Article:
“Yewande relax, I’m leaving you with Kole. You people should talk and get to know yourselves. I won’t be back for the next three hours so feel free eh”. He added winking at us.

We would have such meetings every week in Mr Adisa’s room. We talked and did more than talking. We had enough time and we spent some of it exploring each other’s bodies.

After two months, Mr Adisa called us both for what he called a very important discussion.

******

“Kole Omokomo.” he hailed as soon as we all entered his room.

Kole smiled and took the hand Mr Adisa had raised to him in salute.

“So how far are you a man yet or are you still a boy?”

“Ah, uncle I can’t answer that question oo, I’m ashamed”

“Ode leleyi ooo”, he said slappin Kole on the back.

“Oya answer joor”

“Uncle I have always been a man o.”

“You know what I’m talking about or do you want me to ask her.” He said turning towards me.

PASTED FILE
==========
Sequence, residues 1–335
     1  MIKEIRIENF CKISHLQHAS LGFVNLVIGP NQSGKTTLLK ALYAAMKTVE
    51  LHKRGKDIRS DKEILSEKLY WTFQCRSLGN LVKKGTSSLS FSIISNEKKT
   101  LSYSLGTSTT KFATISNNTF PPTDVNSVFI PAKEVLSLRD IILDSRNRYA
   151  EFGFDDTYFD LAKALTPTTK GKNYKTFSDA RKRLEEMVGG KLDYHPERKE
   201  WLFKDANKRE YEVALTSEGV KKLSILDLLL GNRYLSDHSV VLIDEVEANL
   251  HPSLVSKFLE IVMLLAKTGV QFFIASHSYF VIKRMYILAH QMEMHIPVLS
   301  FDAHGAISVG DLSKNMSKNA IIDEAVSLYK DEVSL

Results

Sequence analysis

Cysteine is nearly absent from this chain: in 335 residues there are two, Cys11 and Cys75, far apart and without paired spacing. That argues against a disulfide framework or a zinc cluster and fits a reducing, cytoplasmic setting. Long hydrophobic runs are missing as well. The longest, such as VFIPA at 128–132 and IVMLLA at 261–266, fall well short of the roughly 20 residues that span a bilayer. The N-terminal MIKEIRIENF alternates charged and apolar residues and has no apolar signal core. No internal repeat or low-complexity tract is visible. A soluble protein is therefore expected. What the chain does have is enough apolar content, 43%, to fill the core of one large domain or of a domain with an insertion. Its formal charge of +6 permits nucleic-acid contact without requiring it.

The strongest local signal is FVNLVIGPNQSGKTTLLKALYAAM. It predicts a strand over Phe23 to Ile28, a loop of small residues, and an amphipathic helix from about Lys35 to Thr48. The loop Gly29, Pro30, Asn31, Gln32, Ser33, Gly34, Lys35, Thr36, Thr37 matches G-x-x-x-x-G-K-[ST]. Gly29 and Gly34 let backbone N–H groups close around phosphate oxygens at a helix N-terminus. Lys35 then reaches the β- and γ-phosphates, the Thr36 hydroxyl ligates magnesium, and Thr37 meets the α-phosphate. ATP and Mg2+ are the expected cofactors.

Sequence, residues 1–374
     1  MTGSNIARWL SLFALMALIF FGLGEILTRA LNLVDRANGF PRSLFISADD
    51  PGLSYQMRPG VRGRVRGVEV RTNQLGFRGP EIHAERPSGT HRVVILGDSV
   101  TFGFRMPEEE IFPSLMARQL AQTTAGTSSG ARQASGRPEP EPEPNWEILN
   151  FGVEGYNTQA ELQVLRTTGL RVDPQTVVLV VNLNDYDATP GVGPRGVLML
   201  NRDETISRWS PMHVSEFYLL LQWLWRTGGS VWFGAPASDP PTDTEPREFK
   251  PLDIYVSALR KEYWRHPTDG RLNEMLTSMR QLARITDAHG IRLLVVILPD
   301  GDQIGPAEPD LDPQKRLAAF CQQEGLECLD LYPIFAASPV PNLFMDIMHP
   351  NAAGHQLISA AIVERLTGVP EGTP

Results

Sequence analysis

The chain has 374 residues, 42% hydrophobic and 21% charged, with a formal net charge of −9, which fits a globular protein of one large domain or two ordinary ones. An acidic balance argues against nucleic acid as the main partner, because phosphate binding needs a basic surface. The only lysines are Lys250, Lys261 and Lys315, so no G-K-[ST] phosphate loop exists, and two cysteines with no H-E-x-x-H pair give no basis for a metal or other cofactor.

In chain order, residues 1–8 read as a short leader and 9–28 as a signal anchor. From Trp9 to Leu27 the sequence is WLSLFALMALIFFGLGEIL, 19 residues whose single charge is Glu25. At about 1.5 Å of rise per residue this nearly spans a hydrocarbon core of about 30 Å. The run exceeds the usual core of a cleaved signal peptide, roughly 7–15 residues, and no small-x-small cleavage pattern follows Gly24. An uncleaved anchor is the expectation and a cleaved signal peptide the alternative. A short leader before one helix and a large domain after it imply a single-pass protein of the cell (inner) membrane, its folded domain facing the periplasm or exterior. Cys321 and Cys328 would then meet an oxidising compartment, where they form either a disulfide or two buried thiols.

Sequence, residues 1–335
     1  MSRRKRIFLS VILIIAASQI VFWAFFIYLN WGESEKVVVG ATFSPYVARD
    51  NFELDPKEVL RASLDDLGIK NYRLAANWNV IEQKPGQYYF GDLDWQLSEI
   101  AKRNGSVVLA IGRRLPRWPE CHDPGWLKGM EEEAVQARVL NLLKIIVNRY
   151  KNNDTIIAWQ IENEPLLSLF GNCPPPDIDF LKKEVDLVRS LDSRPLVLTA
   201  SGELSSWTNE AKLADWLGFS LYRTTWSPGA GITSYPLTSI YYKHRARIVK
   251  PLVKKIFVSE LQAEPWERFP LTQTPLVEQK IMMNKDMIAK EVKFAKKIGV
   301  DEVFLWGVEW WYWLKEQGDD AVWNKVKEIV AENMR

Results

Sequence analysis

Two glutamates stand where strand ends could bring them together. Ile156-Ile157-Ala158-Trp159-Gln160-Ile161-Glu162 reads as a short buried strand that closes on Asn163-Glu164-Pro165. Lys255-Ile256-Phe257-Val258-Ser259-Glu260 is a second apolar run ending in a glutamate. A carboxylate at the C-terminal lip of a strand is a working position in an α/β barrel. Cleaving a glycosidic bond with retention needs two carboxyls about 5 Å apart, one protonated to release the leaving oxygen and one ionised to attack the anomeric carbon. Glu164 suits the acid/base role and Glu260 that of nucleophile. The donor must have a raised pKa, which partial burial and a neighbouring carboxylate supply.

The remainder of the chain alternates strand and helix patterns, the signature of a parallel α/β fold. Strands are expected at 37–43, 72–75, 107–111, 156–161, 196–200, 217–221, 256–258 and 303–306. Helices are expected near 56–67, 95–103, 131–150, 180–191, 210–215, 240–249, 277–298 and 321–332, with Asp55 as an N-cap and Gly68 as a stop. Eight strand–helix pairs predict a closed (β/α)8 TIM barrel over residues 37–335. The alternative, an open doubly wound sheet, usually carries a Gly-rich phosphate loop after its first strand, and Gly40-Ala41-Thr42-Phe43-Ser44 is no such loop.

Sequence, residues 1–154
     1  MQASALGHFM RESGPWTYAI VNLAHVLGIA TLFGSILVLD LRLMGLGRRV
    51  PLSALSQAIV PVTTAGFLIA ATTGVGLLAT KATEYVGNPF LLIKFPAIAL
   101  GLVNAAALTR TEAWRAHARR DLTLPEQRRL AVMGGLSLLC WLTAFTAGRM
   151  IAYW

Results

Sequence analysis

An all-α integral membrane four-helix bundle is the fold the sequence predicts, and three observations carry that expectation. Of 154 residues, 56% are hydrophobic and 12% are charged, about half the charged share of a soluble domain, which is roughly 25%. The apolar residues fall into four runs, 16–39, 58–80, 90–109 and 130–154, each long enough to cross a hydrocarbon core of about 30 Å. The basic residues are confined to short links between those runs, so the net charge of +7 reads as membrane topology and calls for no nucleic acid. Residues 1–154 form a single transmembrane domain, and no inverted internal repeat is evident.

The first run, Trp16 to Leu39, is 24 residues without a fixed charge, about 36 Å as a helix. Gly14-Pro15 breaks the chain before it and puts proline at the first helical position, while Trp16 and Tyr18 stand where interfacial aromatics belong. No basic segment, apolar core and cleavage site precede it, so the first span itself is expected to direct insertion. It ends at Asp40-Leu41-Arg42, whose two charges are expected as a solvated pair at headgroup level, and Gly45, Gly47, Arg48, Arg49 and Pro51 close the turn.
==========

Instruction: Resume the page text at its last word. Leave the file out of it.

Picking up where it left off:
My head was bowed in shame, I knew whatever he was talking about must have to do with what Kole and I did every Saturday afternoon.

“Ahhh, uncle don’t ask her ooo”

“Okay, oya answer.”

“We’ve not done it”

“Yeh, see this boy. O fe jo mi oooo.” He exclaimed putting his hands on his head.

“I have been training you but you have refused to learn. Ema wo bobo yi sha.”

“Uncle it’s not like that ooo. She is not ready; we want to wait till we are in S.S.1 or S.S.2”

By that time my head was already in my lap. I was too ashamed to even raise my head up so they went on talking about me like I wasn’t there.

Slacker niwo yi ooo. All your friends are men. Toluse, Kitan, Bafunto. All of them and see the kind of girl I even gave you.”

Eran agba lomo yi now, I just want to be nice that’s why I arranged her for you.”

“I know what to do sha, I will just give her to Toluse”

“Uncle please don’t do that oo, I will find a way around it. I promise.”

“Okay, I’m leaving now so you guys should take care of yourselves.”

Oya baby come and hug me.” he said pulling me by the hand.

I rose up reluctantly and hugged him. He planted a kiss firmly on my lips and left.